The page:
Thursday, November 14, 2013

A Retiree Looks at the Affordable Care Act

I received my retiree health benefits enrollment package from my former employer in the mail day before yesterday.  After hearing all the doom and gloom about rising costs I was pretty nervous opening the envelope.  Turns out the cost of our total coverage – pre-retirement medical for me, Medicare supplement for my husband, and dental insurance for both of us – will go up 2%.  I can live with this.

But is there a better deal out there?   My premium for a high-deductible plan with a Health Savings Account (HSA) will be $713 a month.  This is the full premium for employer-based coverage for retirees – which by definition are a high-risk pool.  I am the (relatively) young, healthy person paying into this pool.  What would I pay for the same plan on the new health care exchange?

My current plan is not available on the exchange in the state of Utah.  So while I would have liked an apples-to-apples comparison, the best I can do is look at similar plans. 

As a reminder, the healthcare exchange offers four plan Tiers. 
                Bronze – plan pays 60%
                Silver – plan pays 70%
                Gold – plan pays 80%
                Platinum – plan pays 90%

With the high-deductible/HSA plans, the plan starts paying after the deductible is met.  These plans are only offered on the bronze and silver tiers.  The lowest premium of the bronze plans is $329 per month; the highest premium for the silver plans is $502 per month.  The higher the premium – the lower the deductible.  The silver plans come closest to what I have now.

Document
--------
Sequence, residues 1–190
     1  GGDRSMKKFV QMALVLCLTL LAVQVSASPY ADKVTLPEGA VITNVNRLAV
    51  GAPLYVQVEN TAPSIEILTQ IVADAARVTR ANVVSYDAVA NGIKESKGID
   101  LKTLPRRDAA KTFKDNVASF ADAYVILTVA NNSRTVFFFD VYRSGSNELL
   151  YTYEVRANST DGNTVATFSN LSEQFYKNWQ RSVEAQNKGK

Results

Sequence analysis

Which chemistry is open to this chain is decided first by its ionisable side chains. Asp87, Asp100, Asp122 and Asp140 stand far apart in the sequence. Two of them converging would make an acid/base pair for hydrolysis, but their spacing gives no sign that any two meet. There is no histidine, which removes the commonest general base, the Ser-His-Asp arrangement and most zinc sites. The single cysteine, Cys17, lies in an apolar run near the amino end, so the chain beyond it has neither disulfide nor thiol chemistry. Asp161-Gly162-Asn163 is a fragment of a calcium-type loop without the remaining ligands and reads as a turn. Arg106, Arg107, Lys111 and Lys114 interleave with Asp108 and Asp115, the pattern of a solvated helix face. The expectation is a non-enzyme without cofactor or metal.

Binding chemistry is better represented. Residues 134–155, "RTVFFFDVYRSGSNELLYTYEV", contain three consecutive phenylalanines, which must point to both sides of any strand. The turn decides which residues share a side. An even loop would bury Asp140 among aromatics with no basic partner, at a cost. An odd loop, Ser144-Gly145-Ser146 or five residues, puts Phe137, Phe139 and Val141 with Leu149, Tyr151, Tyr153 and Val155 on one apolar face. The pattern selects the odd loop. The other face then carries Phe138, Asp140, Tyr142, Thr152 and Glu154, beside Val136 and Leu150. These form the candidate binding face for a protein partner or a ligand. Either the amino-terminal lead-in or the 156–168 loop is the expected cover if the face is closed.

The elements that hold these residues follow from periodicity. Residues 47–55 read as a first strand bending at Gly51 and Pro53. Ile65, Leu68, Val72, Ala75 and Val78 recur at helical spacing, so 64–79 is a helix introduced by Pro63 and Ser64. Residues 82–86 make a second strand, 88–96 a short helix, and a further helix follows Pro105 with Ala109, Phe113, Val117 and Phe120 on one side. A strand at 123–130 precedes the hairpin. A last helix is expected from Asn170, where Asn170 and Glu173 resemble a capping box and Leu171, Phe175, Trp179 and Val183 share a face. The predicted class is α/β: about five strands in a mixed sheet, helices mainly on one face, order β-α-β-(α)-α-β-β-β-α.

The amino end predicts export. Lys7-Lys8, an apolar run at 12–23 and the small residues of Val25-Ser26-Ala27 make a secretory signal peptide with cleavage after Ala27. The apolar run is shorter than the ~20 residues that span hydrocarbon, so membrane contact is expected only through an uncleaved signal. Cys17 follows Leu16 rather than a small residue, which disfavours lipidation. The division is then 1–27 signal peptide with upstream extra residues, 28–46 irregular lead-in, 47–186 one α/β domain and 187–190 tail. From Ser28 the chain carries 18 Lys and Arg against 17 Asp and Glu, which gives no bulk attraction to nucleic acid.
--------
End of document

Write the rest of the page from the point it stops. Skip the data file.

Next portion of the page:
Just for fun, I also researched what my current insurance dollars would buy on the exchange.  The highest priced platinum plan is $622.75 per month.  So the answer is yes, I could get a policy with a lower premium on the healthcare exchange.

But I won’t.  Premiums are not the only thing you should consider when evaluating a health plan.  You also need to do the math.   Look for the plan that will give you lowest total health care costs, including premiums, co-payments and co-insurance, and out of pocket maximums.

This became very clear when I researched Medicare Supplement Plans for my husband. Here in Utah there are eight available plans that cover both health and prescription drugs.  Of the eight, two have no monthly premium; the others have a much lower premium than what we pay for the Medicare Supplement offered by my former employer.  But wait!  How much will the copay on his prescription be?  About $450 a month, as opposed to the $28 per month we’re paying now.  And – what is the annual out of pocket maximum?  They range from $6700 for the no premium policies down to $2500 for the highest premium policy.  Our current plan has an out of pocket maximum of $500
I can’t cover my husband through my former employer unless I am also enrolled.  So I will choose to pay more for my health care in exchange for my husband paying less for his.

No comments:

Post a Comment